The A.T. is wet and cold at the same time. Mountains are frustratingly difficult to climb with a heavy pack pulling us down. So why do it?
It’s a place of perfect peace. It’s an escape from worldly problems.
The views are spectacular—at least, sometimes.
The feeling of accomplishment is incomparable.
The people you meet restore your faith in humanity.
The A.T. is not just a physical place. It’s a location in your mind that you alone create. A forever ideal outpost of dreamed imaginings. No matter how lousy it is at times, it’s still the best…as you see it.
Okay, the A.T. is a sinister disease—an addiction—a craving compulsive enough to be classified a controlled substance subject to federal law. The A.T. is a poison that once it gets into your system you can’t get rid of it. The only antidote: hike it! (193)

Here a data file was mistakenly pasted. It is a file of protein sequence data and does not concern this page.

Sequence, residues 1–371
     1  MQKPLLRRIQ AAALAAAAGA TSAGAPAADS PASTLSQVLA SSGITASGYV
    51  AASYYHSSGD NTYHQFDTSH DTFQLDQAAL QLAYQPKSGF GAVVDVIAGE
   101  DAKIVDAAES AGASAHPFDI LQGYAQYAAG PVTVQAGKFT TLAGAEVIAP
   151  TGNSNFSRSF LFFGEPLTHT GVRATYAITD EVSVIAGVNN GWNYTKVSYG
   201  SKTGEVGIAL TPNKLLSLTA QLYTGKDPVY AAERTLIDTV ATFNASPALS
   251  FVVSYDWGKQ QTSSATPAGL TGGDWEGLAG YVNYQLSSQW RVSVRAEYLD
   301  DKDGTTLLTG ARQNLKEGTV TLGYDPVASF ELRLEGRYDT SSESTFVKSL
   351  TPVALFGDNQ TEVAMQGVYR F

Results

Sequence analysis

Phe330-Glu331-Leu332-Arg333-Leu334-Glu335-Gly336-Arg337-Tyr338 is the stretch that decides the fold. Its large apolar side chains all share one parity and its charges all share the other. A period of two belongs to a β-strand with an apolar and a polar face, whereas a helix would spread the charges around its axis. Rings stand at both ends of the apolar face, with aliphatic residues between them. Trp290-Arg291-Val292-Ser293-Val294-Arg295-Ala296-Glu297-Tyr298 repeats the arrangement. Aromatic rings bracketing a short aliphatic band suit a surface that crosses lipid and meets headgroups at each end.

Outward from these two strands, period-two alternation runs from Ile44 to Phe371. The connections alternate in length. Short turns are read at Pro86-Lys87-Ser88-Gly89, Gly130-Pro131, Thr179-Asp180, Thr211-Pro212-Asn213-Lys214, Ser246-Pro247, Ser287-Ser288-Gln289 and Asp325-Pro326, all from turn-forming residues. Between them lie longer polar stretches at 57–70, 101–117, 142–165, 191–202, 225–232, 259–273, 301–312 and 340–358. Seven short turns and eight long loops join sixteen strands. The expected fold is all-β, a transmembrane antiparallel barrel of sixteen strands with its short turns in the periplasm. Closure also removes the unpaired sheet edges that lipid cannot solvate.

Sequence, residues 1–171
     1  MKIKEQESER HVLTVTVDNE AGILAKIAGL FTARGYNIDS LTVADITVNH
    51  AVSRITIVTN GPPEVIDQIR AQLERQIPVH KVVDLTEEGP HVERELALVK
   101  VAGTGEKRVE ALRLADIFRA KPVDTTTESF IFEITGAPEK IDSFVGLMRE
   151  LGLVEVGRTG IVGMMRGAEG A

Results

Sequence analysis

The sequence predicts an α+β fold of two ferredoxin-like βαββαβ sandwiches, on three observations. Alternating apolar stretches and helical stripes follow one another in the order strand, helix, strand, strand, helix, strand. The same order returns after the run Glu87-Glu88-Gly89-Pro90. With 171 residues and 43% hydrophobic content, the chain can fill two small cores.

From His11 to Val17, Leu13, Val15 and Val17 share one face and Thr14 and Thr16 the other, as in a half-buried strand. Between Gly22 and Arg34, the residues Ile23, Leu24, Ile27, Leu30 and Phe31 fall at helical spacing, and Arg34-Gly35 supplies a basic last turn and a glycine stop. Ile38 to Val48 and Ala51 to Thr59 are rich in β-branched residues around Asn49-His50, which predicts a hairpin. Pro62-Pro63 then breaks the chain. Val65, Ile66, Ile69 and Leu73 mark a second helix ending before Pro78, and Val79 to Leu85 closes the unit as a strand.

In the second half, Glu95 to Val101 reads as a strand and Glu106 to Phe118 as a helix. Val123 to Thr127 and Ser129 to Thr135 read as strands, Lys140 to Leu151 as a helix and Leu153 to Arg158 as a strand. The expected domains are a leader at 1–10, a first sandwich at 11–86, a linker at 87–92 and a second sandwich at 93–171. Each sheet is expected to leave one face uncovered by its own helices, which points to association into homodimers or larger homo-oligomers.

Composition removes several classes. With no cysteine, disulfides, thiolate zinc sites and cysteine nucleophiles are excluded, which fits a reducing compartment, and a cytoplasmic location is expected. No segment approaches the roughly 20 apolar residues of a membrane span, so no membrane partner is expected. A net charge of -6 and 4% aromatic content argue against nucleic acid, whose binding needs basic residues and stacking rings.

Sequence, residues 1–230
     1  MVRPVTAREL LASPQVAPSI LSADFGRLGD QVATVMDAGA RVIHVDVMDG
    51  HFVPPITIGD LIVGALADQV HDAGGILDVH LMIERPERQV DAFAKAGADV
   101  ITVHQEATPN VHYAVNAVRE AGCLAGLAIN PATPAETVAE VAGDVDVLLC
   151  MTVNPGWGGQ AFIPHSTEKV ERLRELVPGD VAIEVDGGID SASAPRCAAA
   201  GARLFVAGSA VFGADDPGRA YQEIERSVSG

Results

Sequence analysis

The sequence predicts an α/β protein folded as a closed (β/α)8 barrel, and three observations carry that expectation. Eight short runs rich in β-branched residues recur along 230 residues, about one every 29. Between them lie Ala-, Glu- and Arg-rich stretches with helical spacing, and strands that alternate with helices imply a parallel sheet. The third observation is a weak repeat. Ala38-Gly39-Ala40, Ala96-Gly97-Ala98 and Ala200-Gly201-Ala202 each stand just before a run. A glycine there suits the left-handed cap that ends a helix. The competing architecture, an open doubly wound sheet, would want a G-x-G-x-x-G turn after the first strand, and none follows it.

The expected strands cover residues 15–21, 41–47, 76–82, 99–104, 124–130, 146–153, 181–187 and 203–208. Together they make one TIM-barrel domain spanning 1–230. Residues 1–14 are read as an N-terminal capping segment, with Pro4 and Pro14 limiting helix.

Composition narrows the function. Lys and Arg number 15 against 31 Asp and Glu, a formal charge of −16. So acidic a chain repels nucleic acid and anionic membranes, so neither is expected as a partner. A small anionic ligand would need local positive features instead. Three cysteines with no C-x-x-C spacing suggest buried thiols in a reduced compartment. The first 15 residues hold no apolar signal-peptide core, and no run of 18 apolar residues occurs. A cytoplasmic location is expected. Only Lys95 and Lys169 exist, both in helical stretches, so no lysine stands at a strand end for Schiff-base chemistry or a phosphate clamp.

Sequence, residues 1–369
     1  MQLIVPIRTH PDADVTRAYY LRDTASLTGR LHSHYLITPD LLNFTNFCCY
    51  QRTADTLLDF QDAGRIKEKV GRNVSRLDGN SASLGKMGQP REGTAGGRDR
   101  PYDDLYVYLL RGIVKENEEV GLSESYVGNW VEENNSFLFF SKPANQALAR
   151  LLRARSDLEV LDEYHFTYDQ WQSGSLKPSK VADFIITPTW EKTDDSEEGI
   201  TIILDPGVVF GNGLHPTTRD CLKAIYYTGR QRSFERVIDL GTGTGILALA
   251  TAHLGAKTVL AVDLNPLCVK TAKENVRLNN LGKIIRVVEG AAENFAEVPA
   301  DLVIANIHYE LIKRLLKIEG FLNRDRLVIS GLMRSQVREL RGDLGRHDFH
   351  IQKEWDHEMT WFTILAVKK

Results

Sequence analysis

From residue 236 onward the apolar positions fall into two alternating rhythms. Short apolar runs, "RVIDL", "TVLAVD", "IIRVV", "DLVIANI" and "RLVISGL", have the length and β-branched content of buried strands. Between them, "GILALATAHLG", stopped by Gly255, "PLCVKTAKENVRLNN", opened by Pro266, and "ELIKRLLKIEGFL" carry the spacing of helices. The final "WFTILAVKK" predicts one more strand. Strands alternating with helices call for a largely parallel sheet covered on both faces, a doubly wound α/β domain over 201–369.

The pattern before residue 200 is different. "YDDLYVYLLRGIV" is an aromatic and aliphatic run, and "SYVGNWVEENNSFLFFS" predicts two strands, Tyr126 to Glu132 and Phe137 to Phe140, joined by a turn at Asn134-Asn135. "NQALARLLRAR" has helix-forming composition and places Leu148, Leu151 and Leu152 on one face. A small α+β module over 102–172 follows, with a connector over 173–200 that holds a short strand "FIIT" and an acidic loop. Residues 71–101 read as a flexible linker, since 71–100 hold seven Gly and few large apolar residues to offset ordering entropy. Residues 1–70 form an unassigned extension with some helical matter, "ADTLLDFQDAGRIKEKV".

It’s been a good, although exhausting, day, and I’m grateful to be in this part of paradise. The night is clear. Almost moonless. Only a tiny, barely perceptible, crescent sliver of light defines the dark moon’s left edge. Standing, looking up at inky black sky with brilliant stars, I finish, turn off the little recorder, hold it in my hand, for the moment secluded in darkness. Air is soft and gentle. My headlamp lights up nearby trees and bushes. I breathe in the surroundings, beautiful and primitive, something lost to our civilized world—that only exists out here. A pleasant, tingling sensation spills through me. There is happiness almost bordering on euphoria. I feel strong, independent. I feel like yelling out: “I’m Avalanche, the damned rugged woodsman!” (123)